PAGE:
Waste management and specifically plastic waste management has gained significant momentum on the global agenda over recent years. Compared to the sparse presence and attention devoted to international convenings on these topics ten or even five years ago, it is striking to note that 2,000+ delegates, including national representatives from 150 UN countries, attended INC-1 in Punta del Este, Uruguay, for one whole week.
In March 2022, the United Nations Environment Assembly agreed to commence negotiations to define a global, legally binding agreement for managing plastic along its entire value chain. These negotiations will be carried out through five Intergovernmental Negotiating Committees (INCs) between 2022 and 2024, before a final document is submitted for signing to UN Member States.
Across the world, plastic generation, consumption and treatment is currently regulated by a patchwork of municipal, national and international policies, which are often ineffective when attempting to address global topics such as marine plastics, which know no boundaries and do not recognize national sovereignty. Similar to other environmental topics such as climate change, plastic pollution also disproportionally affects countries in the Global South, which are already experiencing the material impact of plastics not effectively managed on land.
While the objective of these negotiations and the resulting legally binding agreement is clear (i.e., to end plastic pollution), its ramifications are broad and complex and demonstrate just how much plastic has become an integral part of global consumption models and modern culture. Plastic is everywhere, from the clothes we wear to the packaging we use to make sure imported food can reach our tables safely and at a high quality. Some plastics can be reduced without significantly altering global supply chains and modern ways of life (for example single use items such as drinking straws), while others, such as the polymers that have become prominent in the textile industry, will require significant restructuring of entire sectors of the economy.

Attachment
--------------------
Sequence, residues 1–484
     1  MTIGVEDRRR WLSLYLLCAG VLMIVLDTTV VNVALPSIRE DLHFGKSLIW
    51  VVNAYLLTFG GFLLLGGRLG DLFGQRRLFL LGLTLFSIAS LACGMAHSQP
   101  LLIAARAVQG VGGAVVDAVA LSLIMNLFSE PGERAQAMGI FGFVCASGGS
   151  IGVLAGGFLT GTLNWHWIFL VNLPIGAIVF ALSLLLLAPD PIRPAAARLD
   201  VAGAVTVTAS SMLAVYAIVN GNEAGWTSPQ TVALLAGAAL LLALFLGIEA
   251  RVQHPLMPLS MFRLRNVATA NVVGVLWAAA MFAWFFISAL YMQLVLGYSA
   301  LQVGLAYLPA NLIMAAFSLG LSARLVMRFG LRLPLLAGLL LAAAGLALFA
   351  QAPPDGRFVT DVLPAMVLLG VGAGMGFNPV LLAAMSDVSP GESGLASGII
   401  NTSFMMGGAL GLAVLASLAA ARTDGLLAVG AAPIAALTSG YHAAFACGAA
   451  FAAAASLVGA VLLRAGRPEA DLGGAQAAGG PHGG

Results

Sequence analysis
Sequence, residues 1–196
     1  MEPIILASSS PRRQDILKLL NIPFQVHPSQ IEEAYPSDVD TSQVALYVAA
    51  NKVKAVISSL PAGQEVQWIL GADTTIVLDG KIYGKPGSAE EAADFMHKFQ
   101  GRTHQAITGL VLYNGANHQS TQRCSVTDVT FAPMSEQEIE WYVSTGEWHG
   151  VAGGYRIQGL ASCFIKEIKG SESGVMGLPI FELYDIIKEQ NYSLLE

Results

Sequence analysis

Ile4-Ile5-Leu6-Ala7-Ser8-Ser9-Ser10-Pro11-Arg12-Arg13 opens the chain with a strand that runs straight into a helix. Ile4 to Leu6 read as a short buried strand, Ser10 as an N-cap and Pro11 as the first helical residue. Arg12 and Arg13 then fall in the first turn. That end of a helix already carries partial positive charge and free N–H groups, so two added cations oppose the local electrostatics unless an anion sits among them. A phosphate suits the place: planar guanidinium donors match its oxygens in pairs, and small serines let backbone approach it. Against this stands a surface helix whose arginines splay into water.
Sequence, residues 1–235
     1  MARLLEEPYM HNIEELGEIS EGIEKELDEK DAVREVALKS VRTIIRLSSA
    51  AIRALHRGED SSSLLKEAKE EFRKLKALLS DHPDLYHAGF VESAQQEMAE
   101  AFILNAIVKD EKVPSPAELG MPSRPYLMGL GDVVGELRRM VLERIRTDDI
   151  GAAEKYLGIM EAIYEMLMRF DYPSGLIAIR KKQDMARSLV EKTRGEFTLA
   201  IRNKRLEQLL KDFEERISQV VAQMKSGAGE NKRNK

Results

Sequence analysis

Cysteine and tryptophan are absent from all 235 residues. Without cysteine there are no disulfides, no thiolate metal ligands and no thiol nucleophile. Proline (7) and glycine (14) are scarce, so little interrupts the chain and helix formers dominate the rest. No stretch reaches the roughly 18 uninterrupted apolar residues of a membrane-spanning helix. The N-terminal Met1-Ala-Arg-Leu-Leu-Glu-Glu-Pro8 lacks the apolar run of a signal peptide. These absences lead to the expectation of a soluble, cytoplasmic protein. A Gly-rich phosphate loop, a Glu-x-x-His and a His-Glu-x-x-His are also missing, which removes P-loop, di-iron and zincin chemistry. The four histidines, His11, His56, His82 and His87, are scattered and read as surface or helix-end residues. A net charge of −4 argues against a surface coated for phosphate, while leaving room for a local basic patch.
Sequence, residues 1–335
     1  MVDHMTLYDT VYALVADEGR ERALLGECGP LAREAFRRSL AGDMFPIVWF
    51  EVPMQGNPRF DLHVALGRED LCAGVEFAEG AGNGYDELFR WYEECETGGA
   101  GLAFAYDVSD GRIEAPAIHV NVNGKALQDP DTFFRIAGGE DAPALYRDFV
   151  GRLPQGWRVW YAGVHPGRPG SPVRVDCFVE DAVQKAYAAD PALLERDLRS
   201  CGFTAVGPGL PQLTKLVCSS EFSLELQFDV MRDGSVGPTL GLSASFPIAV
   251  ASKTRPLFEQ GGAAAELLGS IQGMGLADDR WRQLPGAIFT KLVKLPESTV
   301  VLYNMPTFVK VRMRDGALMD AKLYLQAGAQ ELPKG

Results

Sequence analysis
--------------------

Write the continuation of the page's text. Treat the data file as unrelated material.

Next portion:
While no clear agreements were reached during INC-1 (the first of the five rounds of negotiations), the meeting was instrumental in setting the boundaries and key components of the instrument that will be created between 2022 and the end of 2024. For example, all UN Member States in attendance endorsed the creation of a document that addresses the entire value chain of plastic, including its generation, design, use, treatment and disposal. Funding and capacity building will also need to be included as part of the agreement, particularly to support global south regions in their transition.
At Delterra, we firmly believe that in order to solve the global waste crisis, we need to look at the full value chain for all waste, and not just a specific group of materials, such as plastic. We partner with municipalities, who are responsible for all waste generated within their jurisdiction, to enable a system transformation encompassing behavior change to promote waste separation, new collection routes and treatment infrastructure, the creation of markets for recovered materials, and building that legislation and those partnerships that will enable long-term sustainability. Having said that, the level of global ambition displayed at this first meeting is certainly refreshing and will continue to raise the importance of adequate waste management on the global agenda.
This blog was written and contributed by:
Federico di Penta
Regional Director, Latin America